Conventional wood-framed walls perform many functions. Exterior walls are supposed to support the roof load, resist racking, and provide insulation. They must also provide space for routing electrical cables and (in some cases) plumbing pipes or even ductwork. If the walls are built properly, they should also include an air barrier.
Timber-frame manufacturer Tedd Benson has criticized our conventional approach to building walls. He calls these multipurpose walls “entangled,” and he proposes a new approach to wall building — one that begins by disentangling the various functions of a wall.
According to Benson, “Wires and fixtures should be separated from high-performance wall and roof systems whenever possible. [At Bensonwood Homes,] we add a mechanical chase layer to our walls always, and to our roof panels when there is a heavy mechanical demand in that area. Otherwise, we have dedicated chases at the building peak, at the eave and other strategic locations when necessary. The point is that after sealing a building…, we need to also make changes and upgrades easy and provide a path other than one that violates the integrity of the envelope.”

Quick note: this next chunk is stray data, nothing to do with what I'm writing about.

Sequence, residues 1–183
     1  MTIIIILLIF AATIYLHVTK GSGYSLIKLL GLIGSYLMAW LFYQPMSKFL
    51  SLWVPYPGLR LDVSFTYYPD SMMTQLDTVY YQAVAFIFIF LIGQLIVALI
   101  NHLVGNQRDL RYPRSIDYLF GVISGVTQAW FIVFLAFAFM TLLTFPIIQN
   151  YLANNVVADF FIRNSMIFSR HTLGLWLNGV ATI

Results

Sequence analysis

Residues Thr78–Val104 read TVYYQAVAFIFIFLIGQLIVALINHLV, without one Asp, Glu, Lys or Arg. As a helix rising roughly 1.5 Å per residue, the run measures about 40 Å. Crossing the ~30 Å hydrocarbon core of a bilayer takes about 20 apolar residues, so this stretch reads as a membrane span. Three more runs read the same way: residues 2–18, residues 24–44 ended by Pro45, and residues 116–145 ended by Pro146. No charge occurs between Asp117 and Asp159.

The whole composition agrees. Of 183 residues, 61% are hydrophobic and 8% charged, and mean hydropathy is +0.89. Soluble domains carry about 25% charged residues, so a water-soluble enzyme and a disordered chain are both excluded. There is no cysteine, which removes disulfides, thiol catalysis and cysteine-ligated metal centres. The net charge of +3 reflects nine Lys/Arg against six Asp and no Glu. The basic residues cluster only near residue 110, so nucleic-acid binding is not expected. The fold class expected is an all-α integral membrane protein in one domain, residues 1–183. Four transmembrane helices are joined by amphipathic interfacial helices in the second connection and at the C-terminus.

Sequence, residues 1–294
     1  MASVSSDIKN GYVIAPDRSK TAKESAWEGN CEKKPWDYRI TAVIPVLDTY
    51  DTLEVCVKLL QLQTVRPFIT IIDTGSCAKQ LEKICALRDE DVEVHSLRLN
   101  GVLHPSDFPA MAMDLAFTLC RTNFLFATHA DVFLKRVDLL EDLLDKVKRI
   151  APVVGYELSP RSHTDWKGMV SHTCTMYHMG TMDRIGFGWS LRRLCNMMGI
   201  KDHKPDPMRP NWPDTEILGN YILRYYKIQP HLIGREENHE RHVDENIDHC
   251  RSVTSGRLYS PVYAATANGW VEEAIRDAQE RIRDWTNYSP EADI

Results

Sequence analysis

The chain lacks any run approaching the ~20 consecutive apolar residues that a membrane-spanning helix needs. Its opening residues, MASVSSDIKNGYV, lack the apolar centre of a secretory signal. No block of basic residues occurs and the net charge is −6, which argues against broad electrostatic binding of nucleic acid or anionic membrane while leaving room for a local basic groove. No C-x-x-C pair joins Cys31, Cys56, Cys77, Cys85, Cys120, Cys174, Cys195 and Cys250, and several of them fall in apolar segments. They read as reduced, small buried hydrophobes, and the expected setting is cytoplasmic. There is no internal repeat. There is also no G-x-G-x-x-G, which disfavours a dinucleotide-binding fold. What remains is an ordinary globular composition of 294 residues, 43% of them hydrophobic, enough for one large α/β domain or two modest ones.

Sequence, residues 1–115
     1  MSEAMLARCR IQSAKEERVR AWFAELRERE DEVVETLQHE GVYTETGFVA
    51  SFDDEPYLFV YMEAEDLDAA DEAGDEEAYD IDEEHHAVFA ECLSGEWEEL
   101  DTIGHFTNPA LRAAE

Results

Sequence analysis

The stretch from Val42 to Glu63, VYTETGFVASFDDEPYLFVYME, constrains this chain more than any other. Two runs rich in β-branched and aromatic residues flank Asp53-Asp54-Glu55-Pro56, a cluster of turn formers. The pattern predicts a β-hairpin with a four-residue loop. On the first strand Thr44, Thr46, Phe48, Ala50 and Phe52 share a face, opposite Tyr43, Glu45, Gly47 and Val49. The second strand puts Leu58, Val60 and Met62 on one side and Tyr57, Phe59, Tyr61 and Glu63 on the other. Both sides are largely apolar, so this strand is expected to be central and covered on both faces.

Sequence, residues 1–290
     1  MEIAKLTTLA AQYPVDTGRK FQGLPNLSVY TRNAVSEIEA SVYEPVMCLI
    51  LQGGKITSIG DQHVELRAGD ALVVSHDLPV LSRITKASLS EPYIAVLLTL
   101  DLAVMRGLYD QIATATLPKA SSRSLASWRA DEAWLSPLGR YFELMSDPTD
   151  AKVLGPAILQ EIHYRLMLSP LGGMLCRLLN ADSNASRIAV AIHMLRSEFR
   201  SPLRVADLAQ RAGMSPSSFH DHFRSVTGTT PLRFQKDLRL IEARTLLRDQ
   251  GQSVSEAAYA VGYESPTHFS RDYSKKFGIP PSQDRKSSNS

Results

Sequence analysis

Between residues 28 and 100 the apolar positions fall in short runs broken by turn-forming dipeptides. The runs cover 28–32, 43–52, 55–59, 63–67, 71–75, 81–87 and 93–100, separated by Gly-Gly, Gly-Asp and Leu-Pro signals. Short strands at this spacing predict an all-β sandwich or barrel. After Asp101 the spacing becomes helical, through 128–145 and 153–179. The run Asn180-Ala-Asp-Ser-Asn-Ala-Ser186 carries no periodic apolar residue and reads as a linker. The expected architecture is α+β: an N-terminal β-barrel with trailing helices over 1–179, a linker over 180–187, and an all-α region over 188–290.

There are many ways to disentangle utilities from the other functions of a wall. Approaches range from timber-framing, to PERSIST construction, to the use of Larsen trusses, to a variety of techniques adopted by Passivhaus builders in Europe. One element shared by many of these techniques is the service cavity.
A service cavity (installationsebene in German) is a “wall-within-a-wall” — a secondary wall on the inside of an exterior wall. It can be framed conventionally, using vertical 2x4s or 2x3s, or it can be created by installing horizontal 2×2 or 2×3 strapping. The main purpose of a service cavity (also called a “service core”) is to provide room to run wiring, plumbing, and ductwork.
Most proponents of service…